Mitch is called out for a reap one night. He does the usual of connecting with the person before their death, it’s so he can more easily tether their souls afterwards. The guy concerned, Logan, says he’s going for a hike at a private property a local has invited him to. When Mitch follows him the whole pre and post death situation is bizarre. The woman kills Logan, claims he’s been stalking her as she kills him, and tosses his body over a cliff. Mitch can’t and wouldn’t intervene, as that contravenes all the laws of reaping, and Divinity – their peak body. When Mitch claims the soul, Logan is upset and angry. The reapers can’t hear souls properly but some things are louder than words – actions, reactions, body language. Logan is upset, confused and pissed. Reapers need to get their allocated soul to a door so they can cross over. It’s not so easy, becomes more tricky, if the soul has unfinished business and goodbyes to see to. Logan has a strong need to say goodbye to his girlfriend, Kelly. This one particular reap made me really emotional. Logan was so upset, Kelly so worried and trying desperately to find her missing boyfriend.
While this reap creates concerns for Mitch, it really worries Nate. But they don’t exactly have a regularly scheduled life. They can be compassionate, yes, but too invested is not good. However, once Nate and Mitch discover that Sebastian has reaped more people linked to their resident serial killer, Nate has to do something. Mitch understands Nate’s overpowering need for justice. His husband was fully human until a short while ago and he also lost his beloved sister. They promise Logan something will happen about his murder before he moves on. This creates all kinds of ethical issues for the pair. Divinity has contracts with their reapers. They cannot exercise free will without major consequences. They can’t just go to the police with inside knowledge of people being murdered. If Mitch turns up and tells the police, tells Wes, that he knows where a body is, bodies are, and how they were killed, he’ll be arrested. The Seekers are around too many bodies in town as it is and it’s why Wes was unsure about Mitch for Nate in the first place.
“Yes!” he said grudgingly. “If we find something, we give it to Wes, and I let him deal with it. If we find nothing, I leave it be.”
“Okay, then,” Mitch conceded. “Let’s make this quick. It has ‘bad idea’ written all over it.”
I’ll leave actual plot alone here because it won’t translate as well in a review as the story reads. I also don’t want to spoil the book. I will say that the love between Mitch and Nate is beautiful. They are written like A.J. Rose loves this pair and that’s incredibly infectious. There isn’t a ton of sex but when it happens it is natural and completely organic, intimate and so very sexy. While no one is a perfection caricature, these are the nicest guys and even though they work together well, once a manipulative sociopath puts them in her crosshairs, tension builds. It is believable, wrought out of their dedication to their vocation, their family, their love for one another and the need to walk an ethical and bureaucratic paranormal/spiritual/human tightrope.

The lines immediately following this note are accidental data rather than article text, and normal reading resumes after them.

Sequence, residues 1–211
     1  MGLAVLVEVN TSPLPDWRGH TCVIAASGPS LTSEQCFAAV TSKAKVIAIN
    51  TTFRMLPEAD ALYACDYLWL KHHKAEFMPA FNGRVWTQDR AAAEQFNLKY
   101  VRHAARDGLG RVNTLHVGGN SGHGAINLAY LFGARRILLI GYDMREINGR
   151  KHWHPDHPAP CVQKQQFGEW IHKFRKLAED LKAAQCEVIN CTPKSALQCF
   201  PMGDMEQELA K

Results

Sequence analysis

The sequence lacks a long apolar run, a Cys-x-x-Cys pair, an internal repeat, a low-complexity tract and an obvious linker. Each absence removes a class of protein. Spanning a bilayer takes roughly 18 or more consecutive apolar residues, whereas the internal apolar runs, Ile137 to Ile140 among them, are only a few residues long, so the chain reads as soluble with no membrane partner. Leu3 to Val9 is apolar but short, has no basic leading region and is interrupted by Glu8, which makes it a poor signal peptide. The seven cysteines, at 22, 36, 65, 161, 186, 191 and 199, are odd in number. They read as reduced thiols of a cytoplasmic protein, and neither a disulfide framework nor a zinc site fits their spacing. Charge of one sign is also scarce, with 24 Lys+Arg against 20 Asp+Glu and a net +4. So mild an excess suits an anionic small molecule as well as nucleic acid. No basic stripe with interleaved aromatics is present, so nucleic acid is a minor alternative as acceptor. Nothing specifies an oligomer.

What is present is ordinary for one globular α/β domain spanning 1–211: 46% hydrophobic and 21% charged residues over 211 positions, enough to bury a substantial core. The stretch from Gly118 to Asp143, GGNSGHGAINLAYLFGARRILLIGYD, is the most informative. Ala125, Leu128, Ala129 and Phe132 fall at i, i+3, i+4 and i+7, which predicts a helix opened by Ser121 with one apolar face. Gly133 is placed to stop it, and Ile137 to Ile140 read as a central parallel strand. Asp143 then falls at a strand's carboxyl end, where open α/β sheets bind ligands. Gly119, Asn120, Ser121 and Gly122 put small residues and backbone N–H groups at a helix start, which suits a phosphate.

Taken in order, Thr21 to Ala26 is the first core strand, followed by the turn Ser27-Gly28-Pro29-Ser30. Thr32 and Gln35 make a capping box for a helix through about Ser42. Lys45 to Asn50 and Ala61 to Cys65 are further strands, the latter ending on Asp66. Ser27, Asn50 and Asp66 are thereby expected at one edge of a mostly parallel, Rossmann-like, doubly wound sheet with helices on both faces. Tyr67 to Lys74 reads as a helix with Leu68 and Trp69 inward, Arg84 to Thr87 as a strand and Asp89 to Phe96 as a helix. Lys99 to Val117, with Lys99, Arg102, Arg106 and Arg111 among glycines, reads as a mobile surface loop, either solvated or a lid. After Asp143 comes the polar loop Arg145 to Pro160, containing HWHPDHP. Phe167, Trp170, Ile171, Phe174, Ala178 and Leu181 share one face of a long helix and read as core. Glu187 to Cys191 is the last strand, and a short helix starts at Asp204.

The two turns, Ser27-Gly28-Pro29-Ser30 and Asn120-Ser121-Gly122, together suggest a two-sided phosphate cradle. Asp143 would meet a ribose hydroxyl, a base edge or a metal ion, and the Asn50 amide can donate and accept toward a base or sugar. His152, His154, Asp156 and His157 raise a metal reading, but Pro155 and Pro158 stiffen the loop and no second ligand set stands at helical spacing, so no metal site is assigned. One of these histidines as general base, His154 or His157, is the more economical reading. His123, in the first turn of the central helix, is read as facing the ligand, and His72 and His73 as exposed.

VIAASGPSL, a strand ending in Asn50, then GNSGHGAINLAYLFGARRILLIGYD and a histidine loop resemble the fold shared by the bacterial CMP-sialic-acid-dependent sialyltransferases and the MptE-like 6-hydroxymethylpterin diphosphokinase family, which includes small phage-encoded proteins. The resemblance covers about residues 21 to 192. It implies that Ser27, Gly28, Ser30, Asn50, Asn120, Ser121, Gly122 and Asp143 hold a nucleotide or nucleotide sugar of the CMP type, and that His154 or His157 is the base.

The suspense and tension build as the story progresses and the pace is perfect. The secondary characters all add dimension and life to the plot as well as humour and kinship and they’re all interesting. Wes is awesome. Troy deserves an Oscar for his work at the medical examiners office over one of the missing persons. I hope I read more and more about Sebastian and Richard, don’t kill off the silver fox A.J. Rose because I couldn’t take it or, God forbid, Sadie, Mitch’s (and now Nate’s) older dog – aka fur-noodle. Charlie, Mitch’s dad, is still golden. You can also add the location of Caperville, Colorado to the cast; it’s atmospheric and I always feel like I’m visiting while reading. I’m also giving a special shout-out to my gal Katherine, the angel Overseer of the reapers. She is tough but fair, she helps in clever ways. I love her attitude… and her parting signature feather.
This is a fantastic series and I hope it continues. Everything about it has me won over. I’m now a hopeless and hopeful devotee. Reaping Havoc was on my Books of the Year for 2015 and, in my opinion, Reaping Fate is better. The world building has been expanded on, the concept of death, the afterlife, the soul. There’s still more to come, based on questions asked by Mitch and Nate and alluded to by the tight-lipped but loop-hole loving Katherine. The main characters are wonderful, the secondaries value-add, the antagonist was unlikeable and I wanted them reaped!! I like having someone I can dislike a whole lot when that’s the idea. While the overall tone of the book is not dark, there are some gruesome moments and, as I mentioned earlier, I was emotional when Logan was killed and reaped. There are also some funny moments and there’s lots of love and friends having each other’s backs when needed. If the premise and the sound of my review piques your interest in any way, go grab a copy of Reaping Havoc and start the reaper journey because it’s totally worth it. 5 Stars!